5 reasons why Jon Rahm certainly DID NOT have a "bad year"

Jon Rahm expressed his frustration at the claims 2022 was an "off-year" for the Spaniard in Dubai last week. He put those claims to bed with a third win at the DP World Tour Championship.

5 reasons why Jon Rahm certainly DID NOT have a "bad year"
5 reasons why Jon Rahm certainly DID NOT have a "bad year"

Jon Rahm was dethroned as World No.1 by Scottie Scheffler at the WGC Match Play in 2022 as the American continued his incredible run of form on the PGA Tour.

The Spaniard also failed to finish in the top 10 of all four majors. Despite winning the DP World Tour Championship for the third time and winning the acciona Open de Espana on home turf in recent months, he remains fifth in the world rankings.

If he had his time again, perhaps Rahm would've wanted another major triumph or to maintain his spot at the top of the OWGR pile, but using the term "off-year" would be an exaggeration to describe his season.

This is the term Rahm referred to while winning in Dubai last week. He won on the PGA Tour in May which took his tally to seven on the circuit and he is also now a nine-time winner on the DP World Tour.

"Obviously I would like it to be better but I think all of us would take what I did this year as a bad year," Rahm said. It's hard to disagree and we have five reasons why it hasn't been bad in the slightest.

Three wins on three different continents

In 2022, Rahm won three times. He proved why he was the strong favourite at the Mexico Open at Vidanta by carding rounds of 64, 66, 68 and 69, completing a one-shot win over Brandon Wu, Tony Finau and Kurt Kitayama.

He won the acciona Open de Espana in October, which we will come to soon. And of course, he won on the Earth Course at Jumeirah Golf Estates with a final-round 67.

With much talk about growing the game with the emergence of LIV Golf and players expressing their desire to play golf around the world, Rahm was not only well-travelled this year, but he came back with some shiny new trophies.

Becoming a dad for the second time

Ahead of the FedEx St. Jude Championship in August, Rahm and his wife Kelley welcomed their second child, Eneko, to the world.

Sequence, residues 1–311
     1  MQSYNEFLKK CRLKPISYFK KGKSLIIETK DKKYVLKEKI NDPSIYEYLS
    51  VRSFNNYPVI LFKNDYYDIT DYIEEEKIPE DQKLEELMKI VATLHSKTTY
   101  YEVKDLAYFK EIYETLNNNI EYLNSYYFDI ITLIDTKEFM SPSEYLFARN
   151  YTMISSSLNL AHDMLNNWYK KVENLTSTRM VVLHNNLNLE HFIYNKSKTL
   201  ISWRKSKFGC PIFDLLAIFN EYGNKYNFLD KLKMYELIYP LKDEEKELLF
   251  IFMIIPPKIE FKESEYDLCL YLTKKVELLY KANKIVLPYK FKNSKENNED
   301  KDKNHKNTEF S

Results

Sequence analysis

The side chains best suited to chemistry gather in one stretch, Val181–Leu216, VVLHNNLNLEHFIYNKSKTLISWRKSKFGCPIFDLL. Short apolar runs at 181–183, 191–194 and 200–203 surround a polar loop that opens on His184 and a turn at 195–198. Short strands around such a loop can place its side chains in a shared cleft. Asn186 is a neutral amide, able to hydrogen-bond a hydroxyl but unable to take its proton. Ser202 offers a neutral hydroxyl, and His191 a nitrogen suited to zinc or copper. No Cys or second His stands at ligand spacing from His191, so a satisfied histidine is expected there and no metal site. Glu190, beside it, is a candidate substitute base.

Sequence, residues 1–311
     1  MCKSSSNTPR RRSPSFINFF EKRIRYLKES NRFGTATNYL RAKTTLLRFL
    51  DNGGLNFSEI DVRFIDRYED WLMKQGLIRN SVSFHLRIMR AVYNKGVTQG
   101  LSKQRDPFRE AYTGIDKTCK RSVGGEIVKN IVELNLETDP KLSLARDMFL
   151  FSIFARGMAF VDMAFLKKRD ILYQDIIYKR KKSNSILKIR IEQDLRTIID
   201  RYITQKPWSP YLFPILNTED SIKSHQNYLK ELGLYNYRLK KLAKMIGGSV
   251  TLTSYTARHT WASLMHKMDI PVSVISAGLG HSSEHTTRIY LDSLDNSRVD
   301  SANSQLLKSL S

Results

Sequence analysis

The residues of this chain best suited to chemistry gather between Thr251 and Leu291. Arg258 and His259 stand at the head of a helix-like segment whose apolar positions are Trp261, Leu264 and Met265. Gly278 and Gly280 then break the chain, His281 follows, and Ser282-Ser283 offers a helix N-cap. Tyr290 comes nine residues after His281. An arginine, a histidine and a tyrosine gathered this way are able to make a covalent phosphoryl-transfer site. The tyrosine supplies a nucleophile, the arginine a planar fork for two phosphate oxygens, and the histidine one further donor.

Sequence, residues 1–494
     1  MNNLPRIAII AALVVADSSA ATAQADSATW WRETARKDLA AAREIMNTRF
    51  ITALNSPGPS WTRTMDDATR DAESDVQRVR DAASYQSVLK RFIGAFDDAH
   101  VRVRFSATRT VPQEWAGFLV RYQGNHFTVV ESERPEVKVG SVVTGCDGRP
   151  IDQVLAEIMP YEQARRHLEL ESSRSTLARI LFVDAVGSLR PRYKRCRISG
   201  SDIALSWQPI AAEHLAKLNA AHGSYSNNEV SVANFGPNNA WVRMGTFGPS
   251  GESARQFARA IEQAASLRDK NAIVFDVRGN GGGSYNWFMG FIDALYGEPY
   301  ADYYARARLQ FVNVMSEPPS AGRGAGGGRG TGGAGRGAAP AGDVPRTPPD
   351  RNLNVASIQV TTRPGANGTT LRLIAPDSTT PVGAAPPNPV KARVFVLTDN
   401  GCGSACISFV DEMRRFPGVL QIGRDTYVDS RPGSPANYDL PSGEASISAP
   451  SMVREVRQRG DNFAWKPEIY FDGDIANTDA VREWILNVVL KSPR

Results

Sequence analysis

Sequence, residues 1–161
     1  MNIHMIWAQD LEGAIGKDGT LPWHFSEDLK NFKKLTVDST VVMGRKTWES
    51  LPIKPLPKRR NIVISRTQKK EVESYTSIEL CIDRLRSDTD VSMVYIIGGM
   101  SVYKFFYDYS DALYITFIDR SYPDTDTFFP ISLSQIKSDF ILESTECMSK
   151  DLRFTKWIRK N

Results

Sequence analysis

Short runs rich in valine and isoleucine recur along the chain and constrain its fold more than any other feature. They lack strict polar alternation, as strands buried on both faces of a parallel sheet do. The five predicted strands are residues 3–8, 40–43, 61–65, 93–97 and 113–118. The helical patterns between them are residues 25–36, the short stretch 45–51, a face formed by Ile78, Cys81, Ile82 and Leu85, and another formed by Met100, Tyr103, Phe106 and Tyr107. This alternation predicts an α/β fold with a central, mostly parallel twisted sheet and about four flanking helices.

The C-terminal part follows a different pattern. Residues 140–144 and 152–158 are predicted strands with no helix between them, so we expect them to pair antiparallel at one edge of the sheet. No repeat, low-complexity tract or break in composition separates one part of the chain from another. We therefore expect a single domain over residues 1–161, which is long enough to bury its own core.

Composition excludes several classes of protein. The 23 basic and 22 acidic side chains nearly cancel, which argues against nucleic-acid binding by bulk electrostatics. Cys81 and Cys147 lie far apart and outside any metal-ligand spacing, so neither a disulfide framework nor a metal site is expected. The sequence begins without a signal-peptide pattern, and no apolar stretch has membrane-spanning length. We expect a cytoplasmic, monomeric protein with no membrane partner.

The 28-year-old couldn't see his newborn for three weeks as he competed in the FedEx Cup Playoffs, but he used this new stage of his life as an inspiration to finish tied for 15th in the Tour finale.

"When I see that type of happiness, it’s a lot easier for me to go out there and compete," he said.

5 reasons why Jon Rahm certainly DID NOT have a "bad year"
5 reasons why Jon Rahm certainly DID NOT have a "bad year"

Equalling Seve in Spain

Ahead of the acciona Open de Espana at Club de Campo Villa de Madrid, Rahm knew that if he won his third title at this event, he would equal the tally of the great Seve Ballesteros.

He duly obliged by carding rounds of 64, 68, 65 and 62 to romp home by six shots. It was also his third win in the last four years of this DP World Tour event.

"It was the goal coming in; Seve is a great hero of mine and to do something he took his whole career to do in just a few years is quite humbling," Rahm said.

"It’s emotional. Going up the 18th hole I knew what was about to happen and to get it done like that, I can’t describe it."

Statistically superb!

When you look at the numbers, Rahm was extremely impressive on the PGA Tour. He was ranked second in strokes gained from tee to green and third in strokes gained off the tee.

He was also ranked third in strokes gained around the green and fourth in strokes gained in total. This helped him to make eight top 10s, including his win in Mexico and he missed just one cut.

5 reasons why Jon Rahm certainly DID NOT have a "bad year"
5 reasons why Jon Rahm certainly DID NOT have a "bad year"

The voice of reason

2022 has been a year of immense hostility in professional golf. The rise of the LIV Golf Series has caused verbal wars, as well as legal ones, including the likes of Greg Norman, Jay Monahan, Rory McIlroy and Phil Mickelson.

But when Rahm has been given the chance to voice his opinion on LIV-related matters, he's often provided a viewpoint which suggests harmony and cooperation.

In October, Rahm said that the Ryder Cup is Europe vs USA and said it is "not the PGA Tour and European Tour against LIV." Many players on the LIV Golf Tour risk complete exile from the famous tournament.

After winning in Spain in the same month, Rahm also congratulated Eugenio Lopez-Chacarra for winning the LIV Golf Invitational in Bangkok.

"Although some people want to make us look at them (LIV Golf) as the enemy, he is just a 22-year-old guy winning against some of the best players in the world. Congratulations if you see this Eugenio," Rahm said in Spanish.

Rahm chose the moment to rise above the tension between the PGA Tour and LIV Golf and the suggestions of hostility and dislike between players from the opposing tours were squashed in this case.

What's in the bag?

Driver: Callaway Rogue ST Triple Diamond LS | 10.5 degree | Aldila Tour Green ATX 75 2.8 TX shaft

3-wood: Callaway Rogue ST Triple Diamond T | 16 degrees | Aldila Tour Green ATX 85 2.6 TX shaft

5-wood: Callaway Rogue ST Triple Diamond T | 18 degrees | Graphite Design Tour AD DI 8 X shaft

Irons: Callaway Apex UT (21 degrees), Callaway Apex TCB (4-PW) | KBS Tour Hybrid Prototype 105 X (21), Project X 125 6.5 (4-PW) shafts

Wedges: Callaway Jaws Forged (52, 56, 60) | Project X 125 6.5 shafts

Putter: Odyssey Rossie S White Hot OG


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